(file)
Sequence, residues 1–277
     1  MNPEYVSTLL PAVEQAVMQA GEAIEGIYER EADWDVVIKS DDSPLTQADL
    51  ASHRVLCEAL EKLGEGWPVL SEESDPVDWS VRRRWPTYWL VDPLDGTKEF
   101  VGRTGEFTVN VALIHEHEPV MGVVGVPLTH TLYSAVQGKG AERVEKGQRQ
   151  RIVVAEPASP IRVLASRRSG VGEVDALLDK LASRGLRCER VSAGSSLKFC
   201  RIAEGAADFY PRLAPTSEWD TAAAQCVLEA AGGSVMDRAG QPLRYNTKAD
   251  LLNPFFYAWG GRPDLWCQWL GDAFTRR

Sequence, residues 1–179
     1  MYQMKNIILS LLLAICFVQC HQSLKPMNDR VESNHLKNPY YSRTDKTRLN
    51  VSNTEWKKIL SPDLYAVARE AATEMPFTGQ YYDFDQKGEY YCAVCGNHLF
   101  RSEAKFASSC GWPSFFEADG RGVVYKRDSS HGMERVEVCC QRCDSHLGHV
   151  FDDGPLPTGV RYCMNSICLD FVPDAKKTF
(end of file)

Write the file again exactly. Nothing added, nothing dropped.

Sequence, residues 1–277
     1  MNPEYVSTLL PAVEQAVMQA GEAIEGIYER EADWDVVIKS DDSPLTQADL
    51  ASHRVLCEAL EKLGEGWPVL SEESDPVDWS VRRRWPTYWL VDPLDGTKEF
   101  VGRTGEFTVN VALIHEHEPV MGVVGVPLTH TLYSAVQGKG AERVEKGQRQ
   151  RIVVAEPASP IRVLASRRSG VGEVDALLDK LASRGLRCER VSAGSSLKFC
   201  RIAEGAADFY PRLAPTSEWD TAAAQCVLEA AGGSVMDRAG QPLRYNTKAD
   251  LLNPFFYAWG GRPDLWCQWL GDAFTRR

Sequence, residues 1–179
     1  MYQMKNIILS LLLAICFVQC HQSLKPMNDR VESNHLKNPY YSRTDKTRLN
    51  VSNTEWKKIL SPDLYAVARE AATEMPFTGQ YYDFDQKGEY YCAVCGNHLF
   101  RSEAKFASSC GWPSFFEADG RGVVYKRDSS HGMERVEVCC QRCDSHLGHV
   151  FDDGPLPTGV RYCMNSICLD FVPDAKKTF